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Monkey decorations at Wichita County Courthouse spur debate over racism in Wichita Falls

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To Wichita County Sheriff David Duke, the two plastic chimpanzees are simply cute decorations like the garden gnomes, little white pigs, Star Wars figure and other ornaments outside a back entrance to the Wichita County Courthouse.

A small courtyard at the Wichita County Courthouse is decorated with whimsical animals, statuettes, wind chimes, flowers and garden gnomes. Some people have complained about a couple of chimpanzees positioned in a tree. © TORIN HALSEY/TIMES RECORD NEWS A small courtyard at the Wichita County Courthouse is decorated with whimsical animals, statuettes, wind chimes, flowers and garden gnomes. Some people have complained about a couple of chimpanzees positioned in a tree.

“There’s nothing at all offensive out there,” Duke said. “It’s a chimpanzee, and he’s swinging on a little rope, and another one’s hanging on a tree.”

The chimp decorations on the tree are part of efforts that began several years ago among Wichita County Sheriff’s Office workers to beautify the patch of ground outside their back entrance, the sheriff said.

To others, the chimpanzees are troubling at the least. At the most, they are obscene symbols of racism that dehumanize Black people while displayed not far from the corner of Travis and Sixth streets in downtown Wichita Falls.

The North Texas town’s population is about 100,000 and is located around 150 miles northwest of the Dallas-Fort Worth area.

Community backlash

“Apparently, the people at the courthouse think they’re all right. I think it’s racist,” said Gene Newton, president of the Wichita County Democratic Association.

A white professor emeritus of education at MSU Texas, Newton said the decoration on the rope nearly looks like a small Black man hanging.

“In a way, it’s almost threatening lynching,” he said. “They call that tree the hanging tree.”

The Rev. Angus Thompson, an African American community activist based in the historically Black east side of Wichita Falls, had not seen the decorations but viewed photographs of them recently.

“They present a troubling picture,” Thompson, pastor of New Jerusalem Baptist church, said.

He hopes the sheriff removes the chimpanzees in light of complaints that they’re offensive.  

“That solves the problem. There’s no law that says it has to be there. It’s not going to catch any criminals,” Thompson said. “Just because it doesn’t affect him in a negative way, it might affect somebody else in a negative way.”

UPDATE: Duke said a few people protesting the Confederate monument Tuesday at City Hall showed up outside the courthouse to complain angrily about the decorations after hearing about them.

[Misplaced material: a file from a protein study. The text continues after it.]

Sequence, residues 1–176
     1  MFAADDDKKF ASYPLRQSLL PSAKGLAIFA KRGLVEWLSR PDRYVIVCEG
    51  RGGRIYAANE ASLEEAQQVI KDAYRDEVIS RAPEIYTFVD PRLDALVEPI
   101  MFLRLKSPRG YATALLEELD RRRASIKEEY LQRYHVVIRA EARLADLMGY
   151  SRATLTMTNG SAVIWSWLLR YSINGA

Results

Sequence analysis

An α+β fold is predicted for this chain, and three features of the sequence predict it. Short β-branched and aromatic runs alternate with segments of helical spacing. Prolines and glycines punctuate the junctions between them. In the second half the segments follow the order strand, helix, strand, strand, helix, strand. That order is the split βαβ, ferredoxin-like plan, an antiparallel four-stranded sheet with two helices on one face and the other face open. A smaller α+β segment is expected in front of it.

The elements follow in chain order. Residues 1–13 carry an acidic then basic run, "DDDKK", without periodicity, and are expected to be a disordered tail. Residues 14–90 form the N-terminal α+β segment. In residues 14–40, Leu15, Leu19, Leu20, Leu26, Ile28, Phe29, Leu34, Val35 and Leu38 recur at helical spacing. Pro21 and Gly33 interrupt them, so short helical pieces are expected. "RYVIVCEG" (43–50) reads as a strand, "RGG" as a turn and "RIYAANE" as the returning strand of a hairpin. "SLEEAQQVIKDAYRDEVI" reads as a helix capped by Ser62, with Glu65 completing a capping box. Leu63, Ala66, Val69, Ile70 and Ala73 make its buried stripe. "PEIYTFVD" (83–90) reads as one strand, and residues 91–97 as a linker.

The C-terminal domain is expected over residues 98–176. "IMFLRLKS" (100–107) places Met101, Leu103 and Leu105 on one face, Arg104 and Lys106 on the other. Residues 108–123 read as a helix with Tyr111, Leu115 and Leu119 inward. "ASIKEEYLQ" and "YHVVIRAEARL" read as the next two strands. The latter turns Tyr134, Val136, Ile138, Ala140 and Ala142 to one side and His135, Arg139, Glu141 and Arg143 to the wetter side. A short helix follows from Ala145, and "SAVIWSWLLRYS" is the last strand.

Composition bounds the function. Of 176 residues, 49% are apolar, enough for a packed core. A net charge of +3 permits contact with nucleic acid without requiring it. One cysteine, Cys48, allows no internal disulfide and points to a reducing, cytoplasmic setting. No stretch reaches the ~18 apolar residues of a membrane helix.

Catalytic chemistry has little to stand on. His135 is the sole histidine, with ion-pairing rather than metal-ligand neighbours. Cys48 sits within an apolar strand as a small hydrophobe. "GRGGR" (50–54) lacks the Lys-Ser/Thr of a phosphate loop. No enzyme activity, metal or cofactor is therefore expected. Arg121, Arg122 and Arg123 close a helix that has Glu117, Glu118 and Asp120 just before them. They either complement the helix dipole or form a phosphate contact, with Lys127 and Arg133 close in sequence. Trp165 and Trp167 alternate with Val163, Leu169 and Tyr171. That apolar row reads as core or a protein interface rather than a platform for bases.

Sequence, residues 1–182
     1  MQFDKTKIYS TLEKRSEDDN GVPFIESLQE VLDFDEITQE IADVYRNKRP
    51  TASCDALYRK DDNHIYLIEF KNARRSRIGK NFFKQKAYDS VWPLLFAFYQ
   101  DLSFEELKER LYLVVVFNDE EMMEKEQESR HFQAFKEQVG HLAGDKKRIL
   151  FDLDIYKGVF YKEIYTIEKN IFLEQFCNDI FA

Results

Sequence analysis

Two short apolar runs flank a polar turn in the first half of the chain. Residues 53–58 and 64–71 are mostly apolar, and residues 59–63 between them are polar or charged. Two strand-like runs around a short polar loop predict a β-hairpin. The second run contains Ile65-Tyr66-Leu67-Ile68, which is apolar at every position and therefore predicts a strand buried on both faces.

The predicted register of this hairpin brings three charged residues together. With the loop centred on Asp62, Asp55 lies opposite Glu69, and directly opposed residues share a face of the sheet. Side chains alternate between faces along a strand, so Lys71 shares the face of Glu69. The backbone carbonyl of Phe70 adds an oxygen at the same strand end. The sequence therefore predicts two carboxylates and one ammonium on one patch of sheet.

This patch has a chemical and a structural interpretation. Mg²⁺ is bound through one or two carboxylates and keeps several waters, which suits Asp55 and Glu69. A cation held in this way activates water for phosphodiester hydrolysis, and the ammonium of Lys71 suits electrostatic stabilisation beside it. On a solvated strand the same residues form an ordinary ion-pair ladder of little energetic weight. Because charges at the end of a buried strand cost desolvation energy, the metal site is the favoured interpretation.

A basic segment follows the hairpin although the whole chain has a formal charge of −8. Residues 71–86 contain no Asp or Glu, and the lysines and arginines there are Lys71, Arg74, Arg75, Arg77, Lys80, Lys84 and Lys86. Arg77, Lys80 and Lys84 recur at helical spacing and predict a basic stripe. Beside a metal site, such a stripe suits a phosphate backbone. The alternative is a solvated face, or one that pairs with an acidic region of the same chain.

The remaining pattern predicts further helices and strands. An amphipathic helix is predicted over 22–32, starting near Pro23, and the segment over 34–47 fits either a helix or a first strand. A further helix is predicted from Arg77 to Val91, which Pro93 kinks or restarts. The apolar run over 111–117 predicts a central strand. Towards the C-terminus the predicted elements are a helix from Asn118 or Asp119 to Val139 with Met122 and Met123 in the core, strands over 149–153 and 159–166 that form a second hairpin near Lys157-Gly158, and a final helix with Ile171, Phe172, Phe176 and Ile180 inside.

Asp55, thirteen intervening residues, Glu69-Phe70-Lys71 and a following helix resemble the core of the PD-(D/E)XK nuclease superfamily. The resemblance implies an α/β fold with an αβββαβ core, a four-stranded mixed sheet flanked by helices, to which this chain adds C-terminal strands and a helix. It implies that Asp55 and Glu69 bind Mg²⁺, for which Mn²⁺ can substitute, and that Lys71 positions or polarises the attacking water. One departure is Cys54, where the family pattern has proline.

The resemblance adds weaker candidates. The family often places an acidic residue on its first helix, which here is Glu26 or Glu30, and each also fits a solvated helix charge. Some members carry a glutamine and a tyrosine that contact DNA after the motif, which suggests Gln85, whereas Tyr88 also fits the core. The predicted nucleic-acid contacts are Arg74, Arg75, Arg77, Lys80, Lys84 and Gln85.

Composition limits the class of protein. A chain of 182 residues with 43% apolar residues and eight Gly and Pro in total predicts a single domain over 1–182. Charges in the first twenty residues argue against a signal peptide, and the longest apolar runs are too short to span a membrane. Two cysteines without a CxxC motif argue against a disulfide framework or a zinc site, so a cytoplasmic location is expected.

After discussions with the protestors and other county officials Tuesday night, Duke had the chimpanzee taken off the rope. It will go on the tree — but won’t be on a rope, the sheriff said late Wednesday afternoon. 

The latest round of criticism about the yard art comes in the wake of global protests that at times turned violent after the death of George Floyd, a Black man, on May 25 in Minneapolis.

Floyd lost his life after a white police officer put a knee on his neck for nearly nine minutes. His death triggered calls for change and police reform during rallies, including peaceful protests in Wichita Falls.

Duke said Floyd never should have died.

“We don’t do choke holds. We don’t put knees on people’s throats. I’ve never done that in my career,” said Duke, who has been in law enforcement 38 years. “Our law enforcement in this county, all of them are nothing like what happened in Minnesota.”

‘It was all cute things’

The sheriff said the area outside the WCSO back entrance used to be a magnet for trash that would blow there.

For instance, prisoners getting out of the jail in the courthouse would open property bags and throw them on the street, but the entrance where the decorations are isn’t a public one, and jail occupants don’t use it.

“So we put a little picket fence up there,” Duke said. “The first things that were put in there were two pink flamingos and a sign that said, ‘Don’t feed the birds.’”

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Then gnomes showed up, along with an alien, R2-D2 memorabilia and small ceramic dolls climbing over the fence, Duke said.

“It was all cute things. There was nothing racial, violent, mean, hurting people’s feelings, trying to degrade anything about it,” he said. “It’s just part of this movement across this great United States of people trying to think that all cops are racist.”

a man wearing a uniform posing for the camera: Wichita County Sheriff David Duke © Photo: Courtesy Sheriff David Duke Wichita County Sheriff David Duke

But the Sheriff’s Office is not racially motivated for any reason and treats everyone the same whether they live on the east side of Wichita Falls, Burkburnett, the country club area or Faith Village where Duke grew up, he said.

“The only way as sheriff you need to treat people is treat them right,” Duke said.

But Newton said such likenesses have a long history going back to just after the Civil War of being demeaning representations of Black people.

“What is behind that is, if you can take an ethnic group and make them into animals, … you take their humanity,” he said. “It means that you don’t have to treat them like other human beings.”

What’s more, thousands of African Americans live and pay taxes in Wichita County, he said.